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Monday, November 2, 2020 by Tara Phipps
Community Police Review Commission convenes
Austin’s new Community Police Review Commission kicked off its inaugural meeting the first week of October, setting guidelines for its activities and discussing how it can help city officials develop more transparent and effective public safety processes.
The commission, which will advise and evaluate the city’s Office of Police Oversight, is the latest version of the city’s long-standing forum for community members to provide input on police oversight issues.
Farah Muscadin, who directs the Office of Police Oversight, told the commissioners that the body will give community members who are disproportionately impacted by policing a seat at a very important table.
Amani Seay, an Austin resident with a background in marketing communications and advocacy work, was selected by a vote to chair the commission.
“We take issues brought to us by the community and find out what recommendations or changes can be made to Austin Police Department policies and practices,” Seay said. “Especially as it relates to use of force and critical incidents.”
The commissioners agreed their mission would be to listen to and promote the community’s voice when it comes to public safety.
“(Reimagining public safety) is a huge undertaking, but it’s also an exciting time to do this work and be a part of this process,” Muscadin said.
Austin has had some form of community oversight of its police force for over 25 years. Seay said the goal has always been to increase transparency and expand community involvement in policing.
“While our team may only serve for two years, community oversight will continue with newly appointed commissioners to continue the work that has been done for the last 25 years,” Seay added.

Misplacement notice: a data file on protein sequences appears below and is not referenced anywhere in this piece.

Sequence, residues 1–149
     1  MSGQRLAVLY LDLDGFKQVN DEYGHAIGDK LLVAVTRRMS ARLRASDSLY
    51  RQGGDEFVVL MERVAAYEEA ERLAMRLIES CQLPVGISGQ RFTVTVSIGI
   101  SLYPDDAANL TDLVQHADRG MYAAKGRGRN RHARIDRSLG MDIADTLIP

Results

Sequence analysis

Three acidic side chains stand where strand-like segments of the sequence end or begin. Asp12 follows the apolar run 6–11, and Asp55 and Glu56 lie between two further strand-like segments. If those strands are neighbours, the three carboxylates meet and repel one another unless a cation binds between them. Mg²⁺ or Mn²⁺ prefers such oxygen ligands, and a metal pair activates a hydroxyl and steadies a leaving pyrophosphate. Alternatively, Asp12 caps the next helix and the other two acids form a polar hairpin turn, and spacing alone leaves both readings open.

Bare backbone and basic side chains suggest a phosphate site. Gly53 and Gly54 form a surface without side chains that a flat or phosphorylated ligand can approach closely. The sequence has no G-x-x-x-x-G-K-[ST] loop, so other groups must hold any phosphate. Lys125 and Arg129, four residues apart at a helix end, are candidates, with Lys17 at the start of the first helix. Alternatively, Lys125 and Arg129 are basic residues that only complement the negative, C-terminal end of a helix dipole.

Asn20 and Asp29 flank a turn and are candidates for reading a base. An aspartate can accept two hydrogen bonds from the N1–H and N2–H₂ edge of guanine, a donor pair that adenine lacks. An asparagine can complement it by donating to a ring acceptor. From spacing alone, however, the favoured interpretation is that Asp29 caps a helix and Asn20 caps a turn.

In January 2018, the interim city manager suspended the previous incarnation of the commission – then known as the Citizen Review Panel – after an investigation found the panelists had been largely untrained and that the commission’s activities did not lead to any substantial change to the Austin Police Department.
In November 2018, an agreement between the city and the Austin Police Association enabled the city manager to create a panel intended to review the police department that also addressed several of the problems that came up during the investigation. The city manager has since appointed 10 unpaid volunteers to work on the commission.
The commissioners will work to make policy recommendations for policing efforts, review APD patterns, assess police misconduct case by case, and evaluate the effectiveness of the Office of Police Oversight during their two-year term.
“We need to do the research and we need to consult with subject matter experts and really understand the full scope of what these changes mean and how to best implement public safety in a different way for the community,” Muscadin said.
The police department has over 700 pages of policy and employee conduct guidelines. But citizens shouldn’t have to be policy experts to have their voices heard, Seay noted, so the commission focuses on listening to the community and going through the guidelines to find areas to enhance.
Nothing is more frustrating than voicing a concern and having it go ignored, Seay said, adding, “When the community speaks and outlines opportunities for change, they should see improvement.”
This story was written by a journalism student at the University of Texas at Austin. The Austin Monitor is working in partnership with the UT School of Journalism to teach and publish stories produced by students in the City and County Government Reporting course.
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